Brit Pop Girls

David Bailey


British music fans are notorious for their love of shiny novelty over authenticity and longevity. Build ’em up, knock ’em down is famously their style. Right now, the U.K. is undergoing one of its periodic sea changes in taste. From the coastal town of Blackpool to the streets of South London and beyond, a new kind of musical alchemy is occurring, as a wave of young, individualistic women have holed up in their bedrooms experimenting with synthesizers and computers, and emerged as outsize pop stars. These days, everyone seems to have an opinion on the new army of synth-toting female electro acts such as La Roux and Little Boots. Which is your favorite? How can you get a quiff as great as La Roux’s, or a Tenori-on, the high-tech Japanese light-up contraption that Little Boots plays? Where did they all come from? And why now?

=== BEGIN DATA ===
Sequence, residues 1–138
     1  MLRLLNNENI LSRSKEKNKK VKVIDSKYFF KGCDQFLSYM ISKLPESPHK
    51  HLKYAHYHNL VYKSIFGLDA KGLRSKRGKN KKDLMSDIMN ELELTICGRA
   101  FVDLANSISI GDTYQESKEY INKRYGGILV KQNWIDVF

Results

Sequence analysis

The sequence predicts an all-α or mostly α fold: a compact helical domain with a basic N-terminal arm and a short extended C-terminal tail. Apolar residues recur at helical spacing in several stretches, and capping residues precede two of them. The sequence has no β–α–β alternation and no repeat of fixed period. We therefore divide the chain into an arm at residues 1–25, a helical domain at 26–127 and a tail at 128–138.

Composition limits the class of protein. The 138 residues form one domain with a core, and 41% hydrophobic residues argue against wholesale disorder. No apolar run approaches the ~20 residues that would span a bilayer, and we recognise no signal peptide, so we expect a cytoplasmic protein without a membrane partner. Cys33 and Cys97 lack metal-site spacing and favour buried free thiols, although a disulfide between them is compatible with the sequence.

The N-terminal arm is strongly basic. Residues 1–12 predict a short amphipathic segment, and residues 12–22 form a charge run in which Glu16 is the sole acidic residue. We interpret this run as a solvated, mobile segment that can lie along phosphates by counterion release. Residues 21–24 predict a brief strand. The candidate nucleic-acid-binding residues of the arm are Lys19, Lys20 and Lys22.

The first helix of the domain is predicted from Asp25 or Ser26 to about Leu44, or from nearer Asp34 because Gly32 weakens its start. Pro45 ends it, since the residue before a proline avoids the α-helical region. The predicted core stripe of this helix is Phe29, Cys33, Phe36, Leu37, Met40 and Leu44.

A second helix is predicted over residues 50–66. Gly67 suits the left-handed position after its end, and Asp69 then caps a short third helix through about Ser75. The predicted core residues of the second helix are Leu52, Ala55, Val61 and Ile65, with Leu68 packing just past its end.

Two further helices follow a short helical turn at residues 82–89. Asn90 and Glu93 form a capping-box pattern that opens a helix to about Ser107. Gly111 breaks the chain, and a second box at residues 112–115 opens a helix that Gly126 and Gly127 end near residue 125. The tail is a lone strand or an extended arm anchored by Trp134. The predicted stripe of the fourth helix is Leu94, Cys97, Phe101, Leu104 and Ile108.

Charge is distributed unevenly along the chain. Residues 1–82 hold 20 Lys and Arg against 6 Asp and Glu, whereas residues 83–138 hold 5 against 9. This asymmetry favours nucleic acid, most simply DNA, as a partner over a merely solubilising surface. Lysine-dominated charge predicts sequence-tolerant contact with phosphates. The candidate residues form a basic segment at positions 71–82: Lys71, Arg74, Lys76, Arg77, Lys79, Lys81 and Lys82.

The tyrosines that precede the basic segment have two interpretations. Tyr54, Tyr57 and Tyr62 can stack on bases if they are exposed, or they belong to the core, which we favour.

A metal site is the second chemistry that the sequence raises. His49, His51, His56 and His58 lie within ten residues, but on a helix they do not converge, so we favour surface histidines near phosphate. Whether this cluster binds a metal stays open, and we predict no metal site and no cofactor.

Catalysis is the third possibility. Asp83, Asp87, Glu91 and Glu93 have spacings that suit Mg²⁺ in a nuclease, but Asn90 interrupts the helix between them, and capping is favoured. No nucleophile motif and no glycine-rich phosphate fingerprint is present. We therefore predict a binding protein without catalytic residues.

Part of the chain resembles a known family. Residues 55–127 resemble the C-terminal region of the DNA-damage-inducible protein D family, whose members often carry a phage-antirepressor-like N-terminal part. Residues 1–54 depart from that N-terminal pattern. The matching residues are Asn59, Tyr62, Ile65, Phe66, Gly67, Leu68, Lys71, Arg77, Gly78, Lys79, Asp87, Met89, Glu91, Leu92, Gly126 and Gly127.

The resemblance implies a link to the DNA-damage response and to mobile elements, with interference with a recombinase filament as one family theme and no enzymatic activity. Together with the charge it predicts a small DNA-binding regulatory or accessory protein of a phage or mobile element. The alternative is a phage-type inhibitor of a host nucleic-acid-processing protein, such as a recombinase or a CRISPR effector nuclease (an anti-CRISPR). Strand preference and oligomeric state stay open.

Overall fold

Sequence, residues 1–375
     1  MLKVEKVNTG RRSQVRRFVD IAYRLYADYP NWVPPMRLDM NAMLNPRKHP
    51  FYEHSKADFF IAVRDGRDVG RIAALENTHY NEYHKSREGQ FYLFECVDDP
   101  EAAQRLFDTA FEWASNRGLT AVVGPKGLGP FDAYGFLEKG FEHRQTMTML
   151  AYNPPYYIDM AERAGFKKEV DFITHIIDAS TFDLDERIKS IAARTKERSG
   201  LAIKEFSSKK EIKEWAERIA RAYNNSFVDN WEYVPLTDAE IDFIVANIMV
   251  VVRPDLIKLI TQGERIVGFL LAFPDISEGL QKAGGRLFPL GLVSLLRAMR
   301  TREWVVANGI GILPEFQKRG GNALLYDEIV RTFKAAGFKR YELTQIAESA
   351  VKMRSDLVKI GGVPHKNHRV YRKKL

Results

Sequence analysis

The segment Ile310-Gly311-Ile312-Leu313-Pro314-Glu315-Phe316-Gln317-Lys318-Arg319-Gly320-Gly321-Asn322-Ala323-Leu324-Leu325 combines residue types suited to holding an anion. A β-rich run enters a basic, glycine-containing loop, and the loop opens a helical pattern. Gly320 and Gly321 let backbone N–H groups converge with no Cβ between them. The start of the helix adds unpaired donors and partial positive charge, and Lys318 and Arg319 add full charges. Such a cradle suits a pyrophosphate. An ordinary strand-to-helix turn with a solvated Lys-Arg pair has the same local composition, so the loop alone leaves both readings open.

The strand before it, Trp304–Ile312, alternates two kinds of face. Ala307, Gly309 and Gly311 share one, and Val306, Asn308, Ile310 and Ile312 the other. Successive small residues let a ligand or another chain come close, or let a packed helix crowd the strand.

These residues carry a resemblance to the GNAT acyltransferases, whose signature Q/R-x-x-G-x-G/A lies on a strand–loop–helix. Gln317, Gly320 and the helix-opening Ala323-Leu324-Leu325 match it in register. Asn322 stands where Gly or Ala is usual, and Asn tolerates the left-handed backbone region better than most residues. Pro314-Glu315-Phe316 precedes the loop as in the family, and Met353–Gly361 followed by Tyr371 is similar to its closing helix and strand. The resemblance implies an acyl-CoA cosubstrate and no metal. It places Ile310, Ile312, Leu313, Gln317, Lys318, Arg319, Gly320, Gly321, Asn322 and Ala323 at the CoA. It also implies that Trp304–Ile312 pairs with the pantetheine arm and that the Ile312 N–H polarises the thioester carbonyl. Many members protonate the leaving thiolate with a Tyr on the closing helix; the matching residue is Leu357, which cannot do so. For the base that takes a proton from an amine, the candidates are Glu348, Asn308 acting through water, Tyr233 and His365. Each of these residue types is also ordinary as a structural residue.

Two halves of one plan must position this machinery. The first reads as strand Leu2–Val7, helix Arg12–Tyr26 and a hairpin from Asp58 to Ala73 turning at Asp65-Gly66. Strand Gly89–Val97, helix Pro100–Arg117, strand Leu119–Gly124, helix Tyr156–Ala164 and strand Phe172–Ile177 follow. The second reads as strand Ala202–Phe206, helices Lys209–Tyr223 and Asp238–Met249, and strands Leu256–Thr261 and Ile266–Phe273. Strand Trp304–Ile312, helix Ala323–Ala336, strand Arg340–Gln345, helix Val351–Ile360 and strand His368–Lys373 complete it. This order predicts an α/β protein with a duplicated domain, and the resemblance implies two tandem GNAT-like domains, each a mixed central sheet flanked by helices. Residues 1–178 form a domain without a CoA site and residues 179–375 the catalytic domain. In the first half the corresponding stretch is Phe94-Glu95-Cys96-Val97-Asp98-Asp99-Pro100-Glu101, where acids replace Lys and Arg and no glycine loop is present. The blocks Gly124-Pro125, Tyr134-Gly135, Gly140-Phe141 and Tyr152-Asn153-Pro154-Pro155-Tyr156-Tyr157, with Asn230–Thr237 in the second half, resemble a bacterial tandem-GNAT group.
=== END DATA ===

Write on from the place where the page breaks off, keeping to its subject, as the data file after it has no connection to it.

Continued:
That last question has a lot to do with the overload of mediocre guitar bands that have come out of Britain in the last couple of years (witheringly known in the press as “landfill indie”). Women have also been inspired by the examples of artists like Peaches and Amy Winehouse, who have shown that you don’t need to soften your edges or join a band (or otherwise acquire a pair of testicles) to reach a wider audience. Then there is the reanimated underground dance scene, where Italo-disco revivalists such as Heartbreak and innovative pop production teams like Xenomania are expanding the palette of modern pop.